Housing Executive tenants made homeless by the floods that tore through the north west could be housed in mobile homes.
The idea is being explored as a temporary solution for up to 19 families in the Eglinton area of Londonderry where officials have been identifying possible sites.
"A total of 26 Housing Executive properties have been affected by the severe weather which hit the north west area," a Housing Executive spokesman said.
"Of these, 19 properties were severely damaged with seven others receiving minor damage due to the flooding.
"We are currently exploring the possibility of securing a number of mobile homes to help with accommodation for those affected in the Eglinton area."
Families from the village which was one of the worst affected areas will find out in the coming days if they will be offered a mobile home until they can return to their own house. One woman, who has a 10-year-old daughter, said it would solve a lot of problems for her.
She said: "We spent the first two days after the flood in a B&B and we are in emergency accommodation in Derry now.
"However, my daughter goes to school in Eglinton so it is going to be a nightmare getting her to school.
"I lost my car in the flood too so I will have to get buses to and from Eglinton every day.
"I don't particularly want to live in a mobile home, especially coming into the cold weather, but it really would solve a lot of problems for me until we get back to our own house."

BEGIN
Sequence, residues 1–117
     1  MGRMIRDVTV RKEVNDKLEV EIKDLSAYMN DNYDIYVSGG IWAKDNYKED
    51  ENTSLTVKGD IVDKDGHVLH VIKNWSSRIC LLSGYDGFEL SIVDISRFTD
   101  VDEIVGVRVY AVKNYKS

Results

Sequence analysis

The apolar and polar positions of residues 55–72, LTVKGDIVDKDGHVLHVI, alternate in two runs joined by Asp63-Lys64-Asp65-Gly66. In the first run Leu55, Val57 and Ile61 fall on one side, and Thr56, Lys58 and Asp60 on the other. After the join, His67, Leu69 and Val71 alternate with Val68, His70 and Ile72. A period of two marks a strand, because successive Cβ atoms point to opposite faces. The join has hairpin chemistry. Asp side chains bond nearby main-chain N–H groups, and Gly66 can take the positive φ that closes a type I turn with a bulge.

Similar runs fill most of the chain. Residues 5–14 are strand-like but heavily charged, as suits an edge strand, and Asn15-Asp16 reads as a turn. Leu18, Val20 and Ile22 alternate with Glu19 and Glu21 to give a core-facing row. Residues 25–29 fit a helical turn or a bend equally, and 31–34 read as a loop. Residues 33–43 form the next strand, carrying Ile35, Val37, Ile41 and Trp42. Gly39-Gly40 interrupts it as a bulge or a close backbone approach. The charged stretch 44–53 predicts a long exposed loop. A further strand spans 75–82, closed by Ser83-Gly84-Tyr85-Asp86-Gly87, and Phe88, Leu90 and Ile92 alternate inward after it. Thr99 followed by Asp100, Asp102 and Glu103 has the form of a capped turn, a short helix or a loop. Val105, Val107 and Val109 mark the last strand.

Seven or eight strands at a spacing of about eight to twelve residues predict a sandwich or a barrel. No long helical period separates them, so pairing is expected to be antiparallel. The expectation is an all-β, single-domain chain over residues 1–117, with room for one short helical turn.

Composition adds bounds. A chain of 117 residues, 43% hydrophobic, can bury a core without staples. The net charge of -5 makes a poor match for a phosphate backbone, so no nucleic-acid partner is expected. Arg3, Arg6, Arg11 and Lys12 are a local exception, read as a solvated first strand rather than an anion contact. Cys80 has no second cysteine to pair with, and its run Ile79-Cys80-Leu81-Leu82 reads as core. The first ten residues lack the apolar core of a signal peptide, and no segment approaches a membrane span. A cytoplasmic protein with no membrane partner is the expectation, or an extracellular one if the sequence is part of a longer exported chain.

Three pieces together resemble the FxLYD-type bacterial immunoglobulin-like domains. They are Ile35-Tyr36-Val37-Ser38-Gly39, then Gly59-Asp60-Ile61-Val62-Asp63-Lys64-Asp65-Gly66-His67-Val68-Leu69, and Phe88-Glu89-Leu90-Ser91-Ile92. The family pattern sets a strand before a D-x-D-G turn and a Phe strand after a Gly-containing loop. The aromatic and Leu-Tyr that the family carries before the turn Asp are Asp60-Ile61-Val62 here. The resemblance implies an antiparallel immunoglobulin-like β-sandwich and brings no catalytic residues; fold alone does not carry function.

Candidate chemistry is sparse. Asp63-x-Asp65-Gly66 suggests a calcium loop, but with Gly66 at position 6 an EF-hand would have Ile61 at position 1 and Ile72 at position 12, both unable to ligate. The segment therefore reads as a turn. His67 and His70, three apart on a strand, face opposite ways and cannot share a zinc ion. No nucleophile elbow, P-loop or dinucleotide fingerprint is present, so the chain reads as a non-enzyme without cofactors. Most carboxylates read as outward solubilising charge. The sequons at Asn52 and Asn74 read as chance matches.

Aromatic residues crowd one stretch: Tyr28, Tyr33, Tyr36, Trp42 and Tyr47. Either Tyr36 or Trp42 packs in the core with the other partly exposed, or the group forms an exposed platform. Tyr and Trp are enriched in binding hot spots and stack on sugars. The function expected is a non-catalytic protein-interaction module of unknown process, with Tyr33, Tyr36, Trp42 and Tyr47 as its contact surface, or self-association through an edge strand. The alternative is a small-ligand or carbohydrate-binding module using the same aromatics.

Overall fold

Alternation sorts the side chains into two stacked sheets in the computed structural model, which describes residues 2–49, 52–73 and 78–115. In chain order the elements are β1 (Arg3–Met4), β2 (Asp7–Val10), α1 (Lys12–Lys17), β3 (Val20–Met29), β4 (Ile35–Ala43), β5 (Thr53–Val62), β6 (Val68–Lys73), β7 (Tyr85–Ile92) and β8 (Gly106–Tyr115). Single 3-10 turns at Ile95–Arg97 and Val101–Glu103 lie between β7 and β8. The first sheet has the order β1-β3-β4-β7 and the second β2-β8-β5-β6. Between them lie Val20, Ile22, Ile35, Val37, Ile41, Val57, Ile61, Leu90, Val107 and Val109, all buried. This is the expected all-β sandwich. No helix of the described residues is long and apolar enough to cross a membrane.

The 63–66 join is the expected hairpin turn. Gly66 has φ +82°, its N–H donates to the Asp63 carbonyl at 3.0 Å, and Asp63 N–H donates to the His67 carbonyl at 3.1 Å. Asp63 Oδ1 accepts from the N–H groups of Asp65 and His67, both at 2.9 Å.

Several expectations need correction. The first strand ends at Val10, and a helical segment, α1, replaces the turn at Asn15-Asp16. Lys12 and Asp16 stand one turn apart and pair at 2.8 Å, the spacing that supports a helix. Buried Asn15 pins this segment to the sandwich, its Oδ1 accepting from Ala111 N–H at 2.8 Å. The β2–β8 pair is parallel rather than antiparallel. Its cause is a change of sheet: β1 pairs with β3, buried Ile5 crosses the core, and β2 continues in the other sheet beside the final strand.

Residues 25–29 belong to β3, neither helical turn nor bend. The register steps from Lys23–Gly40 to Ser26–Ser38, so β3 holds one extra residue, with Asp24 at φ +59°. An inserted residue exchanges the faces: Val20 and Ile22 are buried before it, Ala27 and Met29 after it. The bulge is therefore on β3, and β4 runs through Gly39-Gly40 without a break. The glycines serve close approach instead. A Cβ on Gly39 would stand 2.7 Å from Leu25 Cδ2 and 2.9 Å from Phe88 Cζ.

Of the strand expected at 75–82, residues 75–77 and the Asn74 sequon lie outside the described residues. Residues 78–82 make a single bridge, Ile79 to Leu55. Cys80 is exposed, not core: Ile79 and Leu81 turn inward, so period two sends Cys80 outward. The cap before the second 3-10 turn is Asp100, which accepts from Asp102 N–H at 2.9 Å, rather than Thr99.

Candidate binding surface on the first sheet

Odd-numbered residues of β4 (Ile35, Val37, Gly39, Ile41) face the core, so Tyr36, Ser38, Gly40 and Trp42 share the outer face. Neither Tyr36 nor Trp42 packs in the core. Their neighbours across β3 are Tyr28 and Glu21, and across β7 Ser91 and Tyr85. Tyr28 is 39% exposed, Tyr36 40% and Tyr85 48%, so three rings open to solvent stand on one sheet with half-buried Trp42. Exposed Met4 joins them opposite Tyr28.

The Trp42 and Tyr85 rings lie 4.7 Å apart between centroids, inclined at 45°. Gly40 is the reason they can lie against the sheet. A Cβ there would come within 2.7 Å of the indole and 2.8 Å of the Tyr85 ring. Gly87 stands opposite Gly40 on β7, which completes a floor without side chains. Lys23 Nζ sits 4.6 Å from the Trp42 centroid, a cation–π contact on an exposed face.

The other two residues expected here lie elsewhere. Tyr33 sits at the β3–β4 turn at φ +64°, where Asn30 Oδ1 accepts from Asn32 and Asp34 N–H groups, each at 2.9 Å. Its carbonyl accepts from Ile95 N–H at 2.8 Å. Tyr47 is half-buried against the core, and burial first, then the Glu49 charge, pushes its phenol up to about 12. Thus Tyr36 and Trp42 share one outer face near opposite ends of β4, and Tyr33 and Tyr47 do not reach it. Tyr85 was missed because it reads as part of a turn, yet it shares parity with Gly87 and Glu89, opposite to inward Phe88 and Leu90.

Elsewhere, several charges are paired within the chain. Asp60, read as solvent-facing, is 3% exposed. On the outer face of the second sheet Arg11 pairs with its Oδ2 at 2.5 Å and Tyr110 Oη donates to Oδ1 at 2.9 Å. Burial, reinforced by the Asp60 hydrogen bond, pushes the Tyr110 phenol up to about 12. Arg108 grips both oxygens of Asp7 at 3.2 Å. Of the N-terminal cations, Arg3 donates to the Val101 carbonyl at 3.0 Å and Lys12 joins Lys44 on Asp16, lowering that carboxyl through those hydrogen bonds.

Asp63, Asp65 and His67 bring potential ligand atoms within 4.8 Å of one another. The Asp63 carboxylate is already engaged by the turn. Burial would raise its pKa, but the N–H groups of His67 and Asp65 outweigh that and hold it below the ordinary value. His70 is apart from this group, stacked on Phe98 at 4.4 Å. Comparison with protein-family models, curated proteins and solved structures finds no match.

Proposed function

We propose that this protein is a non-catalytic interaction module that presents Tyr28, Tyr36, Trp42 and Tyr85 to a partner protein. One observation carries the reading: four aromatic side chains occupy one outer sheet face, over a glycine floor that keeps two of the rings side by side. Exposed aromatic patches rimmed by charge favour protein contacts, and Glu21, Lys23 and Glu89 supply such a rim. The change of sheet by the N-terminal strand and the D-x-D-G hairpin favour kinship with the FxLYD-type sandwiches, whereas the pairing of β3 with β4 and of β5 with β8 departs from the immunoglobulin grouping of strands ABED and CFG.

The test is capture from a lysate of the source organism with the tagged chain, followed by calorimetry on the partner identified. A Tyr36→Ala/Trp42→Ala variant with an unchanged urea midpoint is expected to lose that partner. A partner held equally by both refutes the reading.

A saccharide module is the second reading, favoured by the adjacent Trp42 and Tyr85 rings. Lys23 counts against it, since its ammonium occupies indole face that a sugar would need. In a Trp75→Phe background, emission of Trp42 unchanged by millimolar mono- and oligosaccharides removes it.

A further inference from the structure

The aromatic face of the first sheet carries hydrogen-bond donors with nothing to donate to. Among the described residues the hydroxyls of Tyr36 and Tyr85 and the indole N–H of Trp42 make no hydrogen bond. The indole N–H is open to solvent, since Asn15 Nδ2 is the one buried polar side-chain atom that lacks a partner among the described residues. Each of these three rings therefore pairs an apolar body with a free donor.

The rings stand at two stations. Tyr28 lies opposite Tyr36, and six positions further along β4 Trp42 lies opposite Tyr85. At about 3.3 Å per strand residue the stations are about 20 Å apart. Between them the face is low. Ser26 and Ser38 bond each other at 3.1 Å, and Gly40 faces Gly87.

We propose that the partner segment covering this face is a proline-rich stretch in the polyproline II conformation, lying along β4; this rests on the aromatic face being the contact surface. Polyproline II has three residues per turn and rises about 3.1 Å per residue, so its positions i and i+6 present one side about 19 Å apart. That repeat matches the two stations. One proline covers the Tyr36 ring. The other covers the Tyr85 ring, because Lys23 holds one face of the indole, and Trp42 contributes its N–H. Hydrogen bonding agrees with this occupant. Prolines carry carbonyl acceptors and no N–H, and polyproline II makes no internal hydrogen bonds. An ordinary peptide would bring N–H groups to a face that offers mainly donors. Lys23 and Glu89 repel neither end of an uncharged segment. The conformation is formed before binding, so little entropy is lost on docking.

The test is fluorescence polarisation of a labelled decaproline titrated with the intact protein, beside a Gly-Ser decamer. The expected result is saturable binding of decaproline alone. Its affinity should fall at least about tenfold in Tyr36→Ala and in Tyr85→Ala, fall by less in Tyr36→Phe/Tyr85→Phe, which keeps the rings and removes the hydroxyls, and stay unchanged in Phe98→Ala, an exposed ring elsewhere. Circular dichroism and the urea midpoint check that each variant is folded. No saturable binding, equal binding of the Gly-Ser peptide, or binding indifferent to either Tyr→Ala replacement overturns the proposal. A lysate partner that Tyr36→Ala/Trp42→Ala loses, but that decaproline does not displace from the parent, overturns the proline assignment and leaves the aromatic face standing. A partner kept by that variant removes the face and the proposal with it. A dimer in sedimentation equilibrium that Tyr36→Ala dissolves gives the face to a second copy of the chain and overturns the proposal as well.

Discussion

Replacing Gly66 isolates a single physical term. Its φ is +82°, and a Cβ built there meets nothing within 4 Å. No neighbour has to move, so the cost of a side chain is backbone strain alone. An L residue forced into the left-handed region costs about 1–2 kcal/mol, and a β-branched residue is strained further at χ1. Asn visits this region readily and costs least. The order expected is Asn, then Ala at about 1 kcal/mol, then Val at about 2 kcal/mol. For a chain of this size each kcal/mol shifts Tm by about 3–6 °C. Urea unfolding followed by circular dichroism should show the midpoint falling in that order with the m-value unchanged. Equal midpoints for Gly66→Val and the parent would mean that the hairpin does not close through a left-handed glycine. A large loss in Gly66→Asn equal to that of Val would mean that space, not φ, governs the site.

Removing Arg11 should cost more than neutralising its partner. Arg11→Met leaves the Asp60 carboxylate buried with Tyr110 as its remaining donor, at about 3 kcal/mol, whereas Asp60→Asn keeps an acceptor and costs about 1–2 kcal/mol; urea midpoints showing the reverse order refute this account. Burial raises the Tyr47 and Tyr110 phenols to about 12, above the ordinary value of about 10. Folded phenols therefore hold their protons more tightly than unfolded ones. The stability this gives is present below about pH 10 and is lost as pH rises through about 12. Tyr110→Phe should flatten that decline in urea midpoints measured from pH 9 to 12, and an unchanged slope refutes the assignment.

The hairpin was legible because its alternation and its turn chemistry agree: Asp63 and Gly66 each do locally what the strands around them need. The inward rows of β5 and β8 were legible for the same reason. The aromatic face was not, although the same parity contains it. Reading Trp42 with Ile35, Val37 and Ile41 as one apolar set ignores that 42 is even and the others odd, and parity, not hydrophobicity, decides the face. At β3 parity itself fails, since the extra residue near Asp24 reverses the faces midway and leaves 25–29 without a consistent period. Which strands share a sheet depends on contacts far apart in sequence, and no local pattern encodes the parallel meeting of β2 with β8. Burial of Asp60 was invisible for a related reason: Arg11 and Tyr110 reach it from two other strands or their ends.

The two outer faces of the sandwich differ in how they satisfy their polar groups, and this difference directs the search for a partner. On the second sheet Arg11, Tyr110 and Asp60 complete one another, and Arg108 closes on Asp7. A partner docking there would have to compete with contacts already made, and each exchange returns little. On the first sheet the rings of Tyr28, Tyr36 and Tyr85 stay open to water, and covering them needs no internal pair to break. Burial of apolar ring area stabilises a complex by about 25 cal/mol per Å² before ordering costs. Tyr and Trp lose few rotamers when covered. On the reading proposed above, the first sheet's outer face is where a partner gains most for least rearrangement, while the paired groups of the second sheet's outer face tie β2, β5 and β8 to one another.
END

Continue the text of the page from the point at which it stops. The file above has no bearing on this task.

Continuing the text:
In nearby Drumahoe, dozens of families and businesses also felt the full force of the flood.
Among them is the Circle of Support Group - a centre for autistic children and their parents which has had to close because of the damage to its premises.
David Campbell, chairman of the group, said he hopes they will be able to reopen very soon.
He said: "It is very disheartening to see the damage.
"There were a lot of sentimental things lost, like photographs, artwork and newspaper clippings.
"These things are irreplaceable, but the support we have been getting has been great.
"We hope to open again in the next two or three weeks."
The floods have also left many farmers facing financial burdens because of destruction of crops and loss of livestock.
A spokesman for the Department of Agriculture (DAERA) said given the adverse effect on farm businesses, it would seek permission from the European Union to raise the Common Agriculture Payments given to farmers by 20%.
He said: "DAERA recognises the hardship incurred by the farming and wider rural communities and is focused on providing practical on the ground support for those impacted. It is implementing a number of measures to help those affected.
"Given the adverse effects on a number of farm businesses, the department will liaise with DEFRA to seek permission from the EU to allow it to raise the level of advanced CAP payments made in October from 50% to 70%."
The Western Trust has launched a listening ear service for victims of the flooding.
The number to call if you have been affected is 07903 990897, Monday and Friday from 9am-5pm.